|The 1975 at Live at Leeds|
Sound Influx started Live At Leeds 2013 with a visit to The Wardrobe on the Friday night to catch Bearfoot Beware and Wet Nun’s sets. Although Bearfoot Beware entertained, it was Wet Nuns who really impressed. The duo created a sound of a volume seemingly beyond their means. That sound was full of huge riffs and thunderous drums, and boy was it LOUD. Their blend of lo-fi blues/punk really must be experienced live to have its sheer power appreciated fully.
On the Saturday, it was a long walk to the Brudenell Social Club (buses/taxis are cheating, apparently) to catch the end of Wild Swim’s set. Their emotional songs with Wild Beasts style keys and vocals were certainly worth the walk, especially closer ‘Echo’. Next, to the Faversham, where Swiss Lips’ energetic set surely won them some new fans. The band’s sugar sweet vocals, synths and drum machine beats are easy to hate, but after seeing them live, this cynical view might just have changed for some. The Manc popsters really did bring a fun atmosphere, and live, their sound is just much less, well…annoying. One band who didn’t need to convince anyone was Dinosaur Pile-Up. The local lads certainly know how to whip up a crowd and there were circles going from early in the set. But my god were they loud. Loud is to be expected and anticipated from this band, but ears ringing four hours and the lasting regret of forgetting earplugs isn’t. This was a bit of a shame as it meant the set wasn’t as enjoyable as it could have been.
After a break for burritos (the ultimate festival food, probably), we got ourselves to the Stylus to see the fantastic MØ, who’s energetic stage presence combined with infectious pop songs made for a really great set. The use of projections as a backdrop was a nice touch, adding an extra dimension to the show for those at the back. ‘Pilgrim’ and ‘Glass’, with Singer Karen Marie Ørsted prowling the stage in a leopard print bomber jacket. From one definite highlight of the weekend and straight on to another, I managed to get to the front for Savage’s set. That renowned intensity wasn’t hampered too much by sound difficulties with singer Jehn’s mic. Once these problems were fixed the launched into a full on rendition of ‘Shut Up’, and there’s probably some irony to be found in there somewhere. The rest of the set, with rumbling bass, punchy drums and, of course, Jehn’s fierce, intense vocals made sure that savages’ performance stayed in my mind for a good long while. They scared and thrilled in equal measures and SI loved every minute.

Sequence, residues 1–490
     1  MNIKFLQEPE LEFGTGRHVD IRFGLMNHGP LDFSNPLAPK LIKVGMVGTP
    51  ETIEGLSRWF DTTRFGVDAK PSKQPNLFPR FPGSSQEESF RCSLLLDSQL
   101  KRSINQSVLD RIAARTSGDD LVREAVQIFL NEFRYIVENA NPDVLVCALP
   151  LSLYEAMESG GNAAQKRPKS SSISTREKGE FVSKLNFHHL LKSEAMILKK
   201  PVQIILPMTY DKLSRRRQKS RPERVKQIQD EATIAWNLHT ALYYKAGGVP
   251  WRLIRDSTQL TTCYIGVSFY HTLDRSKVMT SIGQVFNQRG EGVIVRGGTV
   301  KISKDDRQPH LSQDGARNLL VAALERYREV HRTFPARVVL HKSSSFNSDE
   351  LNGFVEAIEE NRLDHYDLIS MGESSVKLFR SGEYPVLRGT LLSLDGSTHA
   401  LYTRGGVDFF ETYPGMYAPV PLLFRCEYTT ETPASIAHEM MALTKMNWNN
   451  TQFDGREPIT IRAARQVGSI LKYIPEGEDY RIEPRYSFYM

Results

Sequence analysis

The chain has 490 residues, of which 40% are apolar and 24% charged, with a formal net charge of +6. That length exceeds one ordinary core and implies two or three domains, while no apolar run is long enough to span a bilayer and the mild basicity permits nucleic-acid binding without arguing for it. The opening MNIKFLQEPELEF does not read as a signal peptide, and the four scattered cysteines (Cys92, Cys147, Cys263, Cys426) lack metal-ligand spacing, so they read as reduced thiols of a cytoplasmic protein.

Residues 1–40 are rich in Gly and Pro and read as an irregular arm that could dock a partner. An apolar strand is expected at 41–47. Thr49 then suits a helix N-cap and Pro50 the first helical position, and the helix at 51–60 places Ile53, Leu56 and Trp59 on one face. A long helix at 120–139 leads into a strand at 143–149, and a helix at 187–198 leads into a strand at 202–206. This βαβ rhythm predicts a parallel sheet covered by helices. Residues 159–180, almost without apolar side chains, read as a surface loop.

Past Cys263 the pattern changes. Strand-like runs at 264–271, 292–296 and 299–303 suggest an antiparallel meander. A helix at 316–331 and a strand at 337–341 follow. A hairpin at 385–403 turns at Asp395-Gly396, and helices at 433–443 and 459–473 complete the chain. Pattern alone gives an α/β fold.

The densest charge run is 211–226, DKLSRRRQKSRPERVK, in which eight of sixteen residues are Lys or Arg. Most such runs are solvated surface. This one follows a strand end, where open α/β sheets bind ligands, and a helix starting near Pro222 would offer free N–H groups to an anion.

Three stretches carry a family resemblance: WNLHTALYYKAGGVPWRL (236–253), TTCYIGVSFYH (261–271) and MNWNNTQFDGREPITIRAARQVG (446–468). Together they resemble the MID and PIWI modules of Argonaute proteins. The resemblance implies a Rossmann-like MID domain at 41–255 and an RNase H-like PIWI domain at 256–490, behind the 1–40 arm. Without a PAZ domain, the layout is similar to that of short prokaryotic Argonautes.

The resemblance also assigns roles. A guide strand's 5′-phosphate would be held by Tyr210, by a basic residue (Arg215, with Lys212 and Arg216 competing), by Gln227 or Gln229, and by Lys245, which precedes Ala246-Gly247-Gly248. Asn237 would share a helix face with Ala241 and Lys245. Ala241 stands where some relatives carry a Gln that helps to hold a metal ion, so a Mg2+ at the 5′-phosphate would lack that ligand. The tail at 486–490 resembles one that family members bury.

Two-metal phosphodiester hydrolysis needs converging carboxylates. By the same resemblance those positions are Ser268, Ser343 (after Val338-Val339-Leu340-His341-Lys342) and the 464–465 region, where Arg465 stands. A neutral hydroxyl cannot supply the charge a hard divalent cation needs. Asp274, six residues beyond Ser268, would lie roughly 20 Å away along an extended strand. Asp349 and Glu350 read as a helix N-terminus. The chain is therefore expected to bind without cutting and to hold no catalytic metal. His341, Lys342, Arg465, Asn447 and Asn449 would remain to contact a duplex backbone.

|Dinosaur Pile Up|
After getting slightly lost, SI managed to arrive at the beautiful Holy Trinity church in time for Sóley’s sound check. Her set was beautiful, even despite a quite impossibly loud argument breaking out halfway through, which left a slightly awkward, embarrassed atmosphere lingering for a few songs. However this went away as throughout the rest of her set Sóley created such beautiful, haunting songs which had the audience in a sort of hushed reverence, befitting the church setting. ‘Pretty Face’ and ‘I’ll Drown’, with its echoing, sampled vocals, were the highlights of a truly captivating performance.
Embers were a last minute addition to the line-up, and although they clashed with headliners The Walkmen, they were un-missable, as a band who have played too few shows since they first burst onto the Manchester scene. And they didn’t disappoint, creating huge, reverberating songs that filled the tiny, boiling Nation Of Shopkeepers from wall to wall. It may have been the walking, or the heat, or the lack of sleep, but SI may have found ourselves getting a little emotional towards the end of their set. Embers’ blend of shoegaze and post-rock is immensely impressive live, and SI implores you to go and see them.
After realising that I had missed ‘The Rat’, SI is ashamed to say that we left The Walkmen’s set early. A whole day of intensive band watching, walking and getting lost in Leeds had taken its toll and we needed a bit of a sit down. As the Stylus was packed (and rightly so) for The Walkmen, we wandered down to The Mine to Watch Sky Larkin. To end the weekend with a band who have been a part of the Northern music scene for many years seemed fitting somehow, and was really quite special. It seems they have only got better since we last saw them all those years ago.
Live At Leeds, though exhausting, was a thoroughly fantastic festival with a great atmosphere. And, for this writer, who had never been to Leeds before, it also proved a fantastic tour around the city and some of its impressive venues. The only downside was missing so many bands due to clashes , walking or both. Honourable mentions go to The Crookes, The Staves, Micky P Kerr and King Krule. We’re sure that there’ll be plenty of opportunities to see this lot soon though. Roll on Live At Leeds 2014!
Words: Holly Read Challen
Photos: Braden Fletcher